LP: Inclusive syllabi clearly outline procedures and processes for engagement in the course (i.e., procedural justice), how resources and your time as an instructor will be equitably shared and accessible (i.e., distributive justice), and expectations for interacting and working together within the learning space (i.e., relational justice). Those expectations should include cultural humility, open and curious approaches to learning, grace when giving and receiving feedback, the expectation that we’ll disrupt bias when we hear/see it, etc. There should also be space for critical reflection, making it transparent how you, as the instructor, will elicit and respond to feedback and student needs as the course progresses. Finally, I think it helps to have an acknowledgment of the systems that impact the course topics and student experiences (e.g., including the university’s statement on the history of enslavement, land acknowledgment, acknowledgment of violent socio-political climates, etc.) that is coupled with resources, both academic and mental-health focused.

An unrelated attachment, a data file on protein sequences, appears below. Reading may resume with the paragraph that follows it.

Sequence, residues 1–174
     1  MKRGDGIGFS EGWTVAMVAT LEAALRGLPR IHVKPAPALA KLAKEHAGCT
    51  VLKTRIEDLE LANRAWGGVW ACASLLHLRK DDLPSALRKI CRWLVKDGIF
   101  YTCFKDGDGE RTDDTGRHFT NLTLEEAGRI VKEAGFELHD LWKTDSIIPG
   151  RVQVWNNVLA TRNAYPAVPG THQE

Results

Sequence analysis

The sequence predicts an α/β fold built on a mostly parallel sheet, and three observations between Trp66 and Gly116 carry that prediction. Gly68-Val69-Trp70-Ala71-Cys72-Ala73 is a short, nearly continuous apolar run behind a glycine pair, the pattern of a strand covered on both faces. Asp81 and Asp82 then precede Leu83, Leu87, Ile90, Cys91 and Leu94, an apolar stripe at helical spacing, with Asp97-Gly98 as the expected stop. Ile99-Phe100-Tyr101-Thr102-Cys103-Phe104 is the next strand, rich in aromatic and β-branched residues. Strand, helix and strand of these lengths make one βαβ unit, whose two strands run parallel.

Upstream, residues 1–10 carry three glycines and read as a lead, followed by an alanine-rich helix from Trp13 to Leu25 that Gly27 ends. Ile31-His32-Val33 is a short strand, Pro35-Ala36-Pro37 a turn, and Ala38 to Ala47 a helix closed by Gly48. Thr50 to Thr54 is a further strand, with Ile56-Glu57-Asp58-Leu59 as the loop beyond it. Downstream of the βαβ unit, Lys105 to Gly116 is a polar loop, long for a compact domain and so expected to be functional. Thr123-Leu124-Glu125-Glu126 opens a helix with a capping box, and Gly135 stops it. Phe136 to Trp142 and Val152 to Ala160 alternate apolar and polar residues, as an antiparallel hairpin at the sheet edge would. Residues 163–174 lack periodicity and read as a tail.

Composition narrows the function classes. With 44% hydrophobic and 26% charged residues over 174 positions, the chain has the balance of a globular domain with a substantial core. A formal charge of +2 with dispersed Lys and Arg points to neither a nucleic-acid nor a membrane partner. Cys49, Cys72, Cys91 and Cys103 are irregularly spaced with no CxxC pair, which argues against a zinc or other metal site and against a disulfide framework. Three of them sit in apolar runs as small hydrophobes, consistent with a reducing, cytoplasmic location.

What strategies do you find most useful when revising your syllabi to be more inclusive?

CB: Because effective instruction is about teaching students more than content or information, I regularly ask myself, “What does this group of students need to know this semester?”  Based on the makeup of the class, including their personal and professional experiences, I include readings and other resources that might be more salient to support the course’s curriculum or extend students’ learning.  Personally, I share with my students that the syllabus is an iterative document that will be revised, as necessary, throughout the semester.  As such, remaining attuned to current events is one of the best ways to add readings and other resources (e.g., podcasts) as they are released, almost in real time.  For example, while teaching an advanced assessment course for rising 2nd year graduate students during the summer of 2020, although police violence wasn’t particularly relevant to the course objectives, it would have been irresponsible to ignore the social climate that was unfolding in America.  As such, I shared an article by a pediatrician, Rhea Boyd, whose research was focused on police violence, equity, and child health outcomes.  It wasn’t difficult to highlight the connections between the article and the implications for the course and school psychologists (e.g., the importance of school psychologists thinking about what is happening around children rather than only focusing on what is happening within them), and it was also a way to acknowledge what could have been on the minds of some of my students, particularly those from REM backgrounds.